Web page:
|Bairro de São Cristóvão|
São Francisco Square, São Cristóvão
Location of São Cristóvão in the State of Sergipe
|Founded||January 1, 1590|
|• Mayor||Rivanda Batalha|
|• Total||436.863 km2 (168.674 sq mi)|
|Elevation||47 m (154 ft)|
|Population (2014 (est.))|
|• Density||196.43/km2 (508.8/sq mi)|
|Official name||São Francisco Square in the Town of São Cristóvão|
|Designated||2010 (34th session)|
|Region||Latin America and the Caribbean|
São Cristóvão (Portuguese pronunciation: [sɐ̃w kɾisˈtɔvɐ̃w], Saint Christopher) is a Brazilian municipality in the Northeastern state of Sergipe. Founded at the mouth of the Vaza-Barris River on January 1, 1590, the municipality is the fourth oldest settlement in Brazil. São Cristóvão is noted for its historic city square, São Francisco Square, and numerous early colonial-period buildings. The 3 hectares (7.4 acres) site was designated a UNESCO World Heritage Site in 2010.
São Cristóvão covers 437 square kilometres (169 sq mi), making it the third largest settlement in the state of Sergipe behind Aracaju and Nossa Senhora do Socorro. Its population is 85,814 (est. 2014) and has a population density of 196.43 per km2 (508.8/sq mi). São Cristóvão is home to the Federal University of Sergipe, which was established in 1968.
São Cristóvão was established by the Portuguese (in a time when Portugal, Spain and the Naples kingdoms were under the rule of Philip II of Spain) as one of the first colonization attempts in Sergipe, which makes the city the fourth oldest one in Brazil. In 1590 the Portuguese sent Cristóvão de Barros to both subjugate the region to colonial rule and establish a safe trading port between Salvador and Pernambuco. De Barros quickly and violently defeated the local population, which consisted of people of mixed Tupinambá and French heritage who maintained a trade in Brazilwood. As a symbol of his victory De Barros founded a small village named for his patron saint, Saint Christopher.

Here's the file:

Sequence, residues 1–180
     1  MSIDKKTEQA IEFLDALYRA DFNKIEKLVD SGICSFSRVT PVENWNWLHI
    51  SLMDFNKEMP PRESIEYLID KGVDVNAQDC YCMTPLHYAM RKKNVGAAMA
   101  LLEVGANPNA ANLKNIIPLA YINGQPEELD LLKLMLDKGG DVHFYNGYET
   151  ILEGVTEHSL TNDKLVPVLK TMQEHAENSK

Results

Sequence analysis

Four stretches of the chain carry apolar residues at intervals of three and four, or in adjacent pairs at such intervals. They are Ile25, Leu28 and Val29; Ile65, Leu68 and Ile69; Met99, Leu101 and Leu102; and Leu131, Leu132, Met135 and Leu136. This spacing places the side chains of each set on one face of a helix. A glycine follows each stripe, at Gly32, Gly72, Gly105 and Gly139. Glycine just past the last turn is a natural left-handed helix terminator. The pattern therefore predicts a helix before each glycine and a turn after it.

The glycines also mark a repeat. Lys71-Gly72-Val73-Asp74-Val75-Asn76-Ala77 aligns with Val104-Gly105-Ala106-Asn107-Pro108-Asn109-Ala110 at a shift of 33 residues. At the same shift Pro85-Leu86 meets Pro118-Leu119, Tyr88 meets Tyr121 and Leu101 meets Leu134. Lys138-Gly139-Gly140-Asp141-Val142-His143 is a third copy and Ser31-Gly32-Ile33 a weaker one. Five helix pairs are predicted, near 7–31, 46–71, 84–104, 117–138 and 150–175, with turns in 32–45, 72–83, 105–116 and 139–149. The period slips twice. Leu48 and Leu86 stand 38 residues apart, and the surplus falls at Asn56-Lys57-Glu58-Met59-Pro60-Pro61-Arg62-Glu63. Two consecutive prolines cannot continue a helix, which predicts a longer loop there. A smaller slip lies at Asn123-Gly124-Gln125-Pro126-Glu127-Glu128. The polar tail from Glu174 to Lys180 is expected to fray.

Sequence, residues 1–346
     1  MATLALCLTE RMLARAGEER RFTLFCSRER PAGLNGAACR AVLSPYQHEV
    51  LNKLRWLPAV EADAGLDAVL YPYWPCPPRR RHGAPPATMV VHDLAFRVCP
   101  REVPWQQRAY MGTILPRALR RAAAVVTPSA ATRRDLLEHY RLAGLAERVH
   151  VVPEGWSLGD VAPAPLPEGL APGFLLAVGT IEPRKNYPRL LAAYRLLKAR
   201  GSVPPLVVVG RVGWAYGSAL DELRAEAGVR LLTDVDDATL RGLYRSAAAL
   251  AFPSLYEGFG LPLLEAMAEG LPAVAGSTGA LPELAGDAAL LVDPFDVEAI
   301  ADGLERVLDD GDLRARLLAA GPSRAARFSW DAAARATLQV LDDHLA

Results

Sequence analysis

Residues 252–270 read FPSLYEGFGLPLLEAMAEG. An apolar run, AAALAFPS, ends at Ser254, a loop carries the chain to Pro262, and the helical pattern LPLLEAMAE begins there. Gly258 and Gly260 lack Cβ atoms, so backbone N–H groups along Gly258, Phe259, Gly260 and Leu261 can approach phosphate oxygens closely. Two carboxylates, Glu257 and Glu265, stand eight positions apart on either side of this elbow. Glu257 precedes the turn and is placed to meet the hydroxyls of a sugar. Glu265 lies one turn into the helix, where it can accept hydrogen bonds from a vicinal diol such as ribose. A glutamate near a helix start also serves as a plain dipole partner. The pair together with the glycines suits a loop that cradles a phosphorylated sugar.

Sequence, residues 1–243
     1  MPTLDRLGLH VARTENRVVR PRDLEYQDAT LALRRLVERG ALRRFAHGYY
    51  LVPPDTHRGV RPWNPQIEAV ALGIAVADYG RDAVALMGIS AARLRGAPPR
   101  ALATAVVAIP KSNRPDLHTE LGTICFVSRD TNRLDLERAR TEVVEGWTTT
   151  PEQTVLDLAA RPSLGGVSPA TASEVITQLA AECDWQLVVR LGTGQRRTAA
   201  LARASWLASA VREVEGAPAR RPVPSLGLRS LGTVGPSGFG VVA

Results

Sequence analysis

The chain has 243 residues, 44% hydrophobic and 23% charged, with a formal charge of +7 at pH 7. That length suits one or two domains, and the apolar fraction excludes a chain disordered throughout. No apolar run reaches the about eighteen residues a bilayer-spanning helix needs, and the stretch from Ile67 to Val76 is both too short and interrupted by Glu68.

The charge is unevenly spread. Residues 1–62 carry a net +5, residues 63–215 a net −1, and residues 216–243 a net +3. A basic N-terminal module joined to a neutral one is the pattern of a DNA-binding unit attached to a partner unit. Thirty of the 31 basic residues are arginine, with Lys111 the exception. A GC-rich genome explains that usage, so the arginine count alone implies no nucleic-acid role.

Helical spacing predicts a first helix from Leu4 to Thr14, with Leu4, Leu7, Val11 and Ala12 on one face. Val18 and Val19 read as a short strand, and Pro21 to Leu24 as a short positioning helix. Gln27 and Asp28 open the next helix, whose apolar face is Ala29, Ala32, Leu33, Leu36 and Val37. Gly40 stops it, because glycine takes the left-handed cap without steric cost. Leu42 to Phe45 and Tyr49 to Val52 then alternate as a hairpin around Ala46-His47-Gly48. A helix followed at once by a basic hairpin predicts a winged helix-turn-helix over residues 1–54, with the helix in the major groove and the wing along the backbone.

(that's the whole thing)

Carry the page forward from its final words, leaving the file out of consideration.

The development of the town followed the Portuguese urban model, that is, in two plans: the higher town, where the headquarters of the civil and religious powers are; and lower town, with the harbour, the factories, and the low income population. The economy of São Cristóvão initially depended on the establishment of cattle herds for meat, milk, and leather. The settlement was completely destroyed by the Dutch in 1637. Tobacco and sugarcane plantations were established in the 17th century, and remained into the modern period. São Cristóvão was the state capital until 1855, when the provincial president Inácio Joaquim Barbosa moved the capital to Aracaju.
In 1967, the city was designated a national monument to preserve its colonial architecture, and it is now home to ten national heritage sites of Brazil. Among the important sacred buildings are the Church and Convent of Santa Cruz (also known as the Church and Convent of São Francisco, which date from 1693), the Misericórdia Hospital and Church (Santa Casa de Misericordia, the 17th-century Sisters of Mercy hospital), the Chapel of the Immaculate Conception of Mary (1751), the Parish Church of Our Lady of Victory (1608) and several other important churches from the 18th century, including the Church of Our Lady of the Rosary of Black Men, the Church of Our Lady of Protection, and the Monastery of São Bento. Nine national heritage sites are located in or near the city center; one, one, the Chapel of Our Lady of the Conception of Engenho Poxim, is in a rural setting far from the city center.
The religious sites of São Cristóvão remain an important center of Roman Catholic pilgrimage in Brazil. The Museum of Sacred Art of the Church and Convent of São Francisco is considered the third most important in Brazil.
São Francisco Square
São Francisco Square (Praça São Francisco) is an open space surrounded by colonial-period buildings such as the São Francisco Church and convent, the Church and Santa Casa da Misericórdia, the Provincial Palace and other buildings from later periods. The complex is a well-preserved example of typical Franciscan architecture of north-eastern Brazil. On August 1, 2010 the site, which covers 3 hectares (7.4 acres), was selected as a World Heritage Site by UNESCO. It is managed by a regional office of the National Institute of Historic and Artistic Heritage (IPHAN) and the municipal government.
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